Tomb Raider Review
After a 15 year absence Tomb Raider is back on the big screen. Unlike the previous iteration the spotlight is not on elevating an actress into the role of sex symbol – fun that though it was. Instead movie director Roar Uthaug has remained faithful to the rebooted game franchise of 2013. Lara Croft – now portrayed by Alicia Vikander (A Royal Affair and Jason Bourne) – is yet to become the titular character. This is Lara’s first adventure, one that will turn her into a hard-hitting adventure archeologist.
The introduction firmly sets the stage. The viewer is introduced to a 20-something Lara desperately trying to stay away from her father’s business empire. Lara spends her time kickboxing and recklessly working as a bike courier. After being arrested during an illegal street race in which Lara crashes her bike she is confronted with her past. Her father’s business partner Ana Miller tells her the business and estate will be sold off if Lara does not sign his death certificate. After being handed a puzzle Lara uncovers clues as to what her father was doing when he disappeared 9 years before. He was looking for the remains of the mythical Japanese queen Himiko and the island of Yamatai. Lara disobeys a message from her father and goes off in search of him.
The Good and the Bad
I won’t go into much further detail of the plot from here on in. I will leave that for the reader to discover at the cinema. But overall Tomb Raider is an origin story. Lara does not speak foreign languages, she is too trusting of strangers and short on money (she forgot to sign her father’s death certificate). However she does have brawn – and she is clever. After punching her way out several fights we do see the character development that will ultimately make her the Tomb Raider. On that score Roar Uthaug succeeds.
Tomb Raider continues to rely heavily on its source material – the 2013 game of the same name. A focus on survival and archery over guns increases the distinction from the movies with Angelina Jolie. Yet Tomb Raider does falter here. None of the afore-mentioned elements really stands out to give Lara more character. After suffering a stomach wound it is her father who patches her up – not herself. She is also not able to use a bow to take out an encampment in stealth. Instead, her friend Lu Ren uses an assault rifle to reduce the ranks of Trinity. Some reviewers have states they thought Lara was too much of a punching bag in this movie. They are overly dramatic, but there are moments when it is true.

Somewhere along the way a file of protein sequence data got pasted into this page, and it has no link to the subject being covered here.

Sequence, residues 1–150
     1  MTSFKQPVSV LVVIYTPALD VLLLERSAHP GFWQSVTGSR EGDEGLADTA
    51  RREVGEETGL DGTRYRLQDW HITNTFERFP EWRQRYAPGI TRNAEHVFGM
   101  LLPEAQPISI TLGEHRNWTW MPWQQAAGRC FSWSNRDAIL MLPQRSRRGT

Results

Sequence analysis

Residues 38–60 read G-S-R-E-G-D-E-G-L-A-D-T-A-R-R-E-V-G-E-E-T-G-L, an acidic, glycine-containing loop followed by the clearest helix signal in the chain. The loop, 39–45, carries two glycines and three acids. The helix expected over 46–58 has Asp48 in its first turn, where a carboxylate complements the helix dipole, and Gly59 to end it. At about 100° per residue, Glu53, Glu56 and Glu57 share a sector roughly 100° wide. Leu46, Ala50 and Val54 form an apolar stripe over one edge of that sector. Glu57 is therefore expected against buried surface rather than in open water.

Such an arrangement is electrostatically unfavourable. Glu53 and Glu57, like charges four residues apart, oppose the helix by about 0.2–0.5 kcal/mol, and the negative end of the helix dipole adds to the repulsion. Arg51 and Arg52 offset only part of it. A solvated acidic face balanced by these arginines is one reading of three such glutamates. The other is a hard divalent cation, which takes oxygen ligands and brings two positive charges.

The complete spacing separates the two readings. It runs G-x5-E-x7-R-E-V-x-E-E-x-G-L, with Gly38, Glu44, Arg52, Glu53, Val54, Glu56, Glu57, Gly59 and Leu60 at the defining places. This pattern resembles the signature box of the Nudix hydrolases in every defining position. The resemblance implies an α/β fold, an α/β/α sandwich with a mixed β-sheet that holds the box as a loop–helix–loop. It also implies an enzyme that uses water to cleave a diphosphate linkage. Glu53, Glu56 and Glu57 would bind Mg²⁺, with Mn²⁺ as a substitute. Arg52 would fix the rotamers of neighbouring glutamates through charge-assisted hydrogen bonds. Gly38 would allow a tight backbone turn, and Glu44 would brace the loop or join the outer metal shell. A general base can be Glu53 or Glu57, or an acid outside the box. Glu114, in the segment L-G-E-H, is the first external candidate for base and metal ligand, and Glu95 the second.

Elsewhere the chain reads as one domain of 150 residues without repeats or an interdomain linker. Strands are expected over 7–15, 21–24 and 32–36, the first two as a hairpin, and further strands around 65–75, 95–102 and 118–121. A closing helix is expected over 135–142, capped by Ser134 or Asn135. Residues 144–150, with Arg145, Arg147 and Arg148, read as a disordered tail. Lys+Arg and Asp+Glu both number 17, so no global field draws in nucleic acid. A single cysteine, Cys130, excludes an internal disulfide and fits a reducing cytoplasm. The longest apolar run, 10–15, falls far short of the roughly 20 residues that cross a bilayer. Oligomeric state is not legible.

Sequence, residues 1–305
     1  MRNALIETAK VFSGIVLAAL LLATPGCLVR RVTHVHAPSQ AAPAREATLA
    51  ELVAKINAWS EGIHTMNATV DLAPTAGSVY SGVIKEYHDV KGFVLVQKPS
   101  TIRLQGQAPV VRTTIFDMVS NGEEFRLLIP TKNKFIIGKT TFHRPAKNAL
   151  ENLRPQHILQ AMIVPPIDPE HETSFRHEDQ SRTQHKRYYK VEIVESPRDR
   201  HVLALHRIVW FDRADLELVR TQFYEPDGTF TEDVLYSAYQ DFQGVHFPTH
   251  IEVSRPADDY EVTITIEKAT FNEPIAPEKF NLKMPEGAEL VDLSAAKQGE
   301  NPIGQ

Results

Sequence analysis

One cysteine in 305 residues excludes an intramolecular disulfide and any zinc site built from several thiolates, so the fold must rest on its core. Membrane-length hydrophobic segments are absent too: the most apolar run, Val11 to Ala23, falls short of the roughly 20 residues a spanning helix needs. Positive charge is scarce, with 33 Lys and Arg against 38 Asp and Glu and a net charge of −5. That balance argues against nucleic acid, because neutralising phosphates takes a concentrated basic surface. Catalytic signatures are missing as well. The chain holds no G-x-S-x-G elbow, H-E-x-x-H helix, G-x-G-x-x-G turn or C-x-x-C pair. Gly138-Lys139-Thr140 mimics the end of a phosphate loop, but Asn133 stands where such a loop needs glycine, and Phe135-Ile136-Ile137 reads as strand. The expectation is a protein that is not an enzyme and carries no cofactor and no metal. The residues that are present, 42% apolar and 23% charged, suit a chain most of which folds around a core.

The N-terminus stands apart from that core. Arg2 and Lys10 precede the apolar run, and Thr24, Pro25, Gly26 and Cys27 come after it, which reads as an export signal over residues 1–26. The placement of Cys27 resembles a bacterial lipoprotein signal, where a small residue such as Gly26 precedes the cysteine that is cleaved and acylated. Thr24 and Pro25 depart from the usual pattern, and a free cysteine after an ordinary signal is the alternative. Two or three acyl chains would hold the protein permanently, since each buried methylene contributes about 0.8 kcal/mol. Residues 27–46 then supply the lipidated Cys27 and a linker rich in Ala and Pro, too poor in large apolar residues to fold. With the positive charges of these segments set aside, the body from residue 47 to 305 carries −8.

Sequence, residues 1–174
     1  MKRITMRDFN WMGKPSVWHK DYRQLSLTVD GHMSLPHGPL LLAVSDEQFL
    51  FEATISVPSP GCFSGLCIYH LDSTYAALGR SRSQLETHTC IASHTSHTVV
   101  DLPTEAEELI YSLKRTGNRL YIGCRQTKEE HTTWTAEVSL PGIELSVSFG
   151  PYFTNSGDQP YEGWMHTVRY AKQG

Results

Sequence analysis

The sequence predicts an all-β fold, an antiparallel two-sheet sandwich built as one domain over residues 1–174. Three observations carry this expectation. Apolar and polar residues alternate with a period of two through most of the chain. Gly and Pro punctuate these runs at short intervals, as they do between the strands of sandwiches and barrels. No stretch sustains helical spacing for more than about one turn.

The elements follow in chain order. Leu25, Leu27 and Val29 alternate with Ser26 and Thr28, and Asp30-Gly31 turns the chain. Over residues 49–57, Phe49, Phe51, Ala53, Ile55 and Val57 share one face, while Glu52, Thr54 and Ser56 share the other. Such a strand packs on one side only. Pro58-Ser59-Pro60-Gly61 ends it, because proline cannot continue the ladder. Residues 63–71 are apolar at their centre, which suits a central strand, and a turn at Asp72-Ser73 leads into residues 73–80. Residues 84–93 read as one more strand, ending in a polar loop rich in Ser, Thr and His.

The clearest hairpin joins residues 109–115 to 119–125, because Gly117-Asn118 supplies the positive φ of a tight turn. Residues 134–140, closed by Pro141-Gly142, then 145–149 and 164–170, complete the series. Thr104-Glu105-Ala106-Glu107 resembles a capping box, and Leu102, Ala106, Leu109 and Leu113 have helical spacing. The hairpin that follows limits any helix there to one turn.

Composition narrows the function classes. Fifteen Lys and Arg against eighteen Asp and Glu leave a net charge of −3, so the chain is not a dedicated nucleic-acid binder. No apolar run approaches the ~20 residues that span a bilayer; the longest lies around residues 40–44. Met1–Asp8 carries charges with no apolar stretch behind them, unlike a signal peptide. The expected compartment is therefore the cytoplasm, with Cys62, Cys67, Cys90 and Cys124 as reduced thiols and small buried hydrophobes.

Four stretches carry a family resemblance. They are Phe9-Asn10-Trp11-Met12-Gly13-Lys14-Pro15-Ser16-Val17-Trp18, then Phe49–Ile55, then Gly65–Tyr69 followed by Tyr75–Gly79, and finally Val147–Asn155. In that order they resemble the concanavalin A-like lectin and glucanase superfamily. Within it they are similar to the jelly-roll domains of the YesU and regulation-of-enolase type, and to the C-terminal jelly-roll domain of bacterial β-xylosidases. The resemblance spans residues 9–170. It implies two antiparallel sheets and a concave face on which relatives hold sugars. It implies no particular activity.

Temple of Doom
Speaking of Trinity – a secret order that has somehow existed for millennia acting as antagonists is not original. The villain of the story – Vogel – acts as though he walked off the set from Lost. Overall there are too many familiar elements. One such element are the booby traps. If the tomb of Himiko was built some 2000 years before, how could the traps still work? And how could they beat successive adventures? It is a trope of this particular kind of movie that is never settled.
Tomb Raider has a scene in which the floor slowly collapses into an abyss. The Temple of Doom has a scene in which the ceiling collapses, but I can vividly recall Indiana nearly being crushed to death, a spike pushing past the brim of his hat and Willie sticking her hands through an insect invested hole. There is nothing such memorable with Tomb Raider.
More Indiana Croft
Instead, the references to Indiana Jones don’t stop there. Director Uthaug may have had too much fun with his homages. Just like Indiana Lara recites in verse the clues to the three traps of Himiko’s tomb. Just like Indiana she brings her father’s notebook straight to the villain. And just like the Kingdom of the Crystal Skull the mummified remains of Himiko disintegrate as soon as the lid is removed form her coffin. Overall it feels as if most of these weaknesses could have been resolved with one more draft of the script. The flaws do not diminish the excellent work Alicia Vikander performed as Lara Croft. Her depth of drama is encouraging and with her physique it feels like she jumped straight from the cover sleeve of the 2013 game reboot.
So Tomb Raider is not without its flaws. But I am having a hard time pointing to really bad issues – I suppose there are none. It is an accumulation of mediocre elements that makes this movie forgettable. I went into the theater with expectations, and they were matched, but not exceeded as with Jumanji 2 or Kong: Skull Island. For that the plot of Tomb Raider was too predictable. The introduction of the morose Lara could not hide she was going off in search of her father. Finding her father alive meant he had to die at the end otherwise the Tomb Raider canon would be broken. Ultimately it feels as if Tomb Raider was made by a committee – it tries to punch hard, but it cannot introduce anything new over movies such as Raider of the Lost Ark.
As I said in the introduction, this is Lara’s first adventure. I hope, despite its weaknesses, that a sequel will be developed. Rise of the Tomb Raider is so much a better story. Lara’s journey to the lost city of Kitezh and finding the Prophet of Constantinople was pure bliss. It felt the game was as close to a true successor to Indiana Jones as is possible. Who would not want to see a faithful adaptation?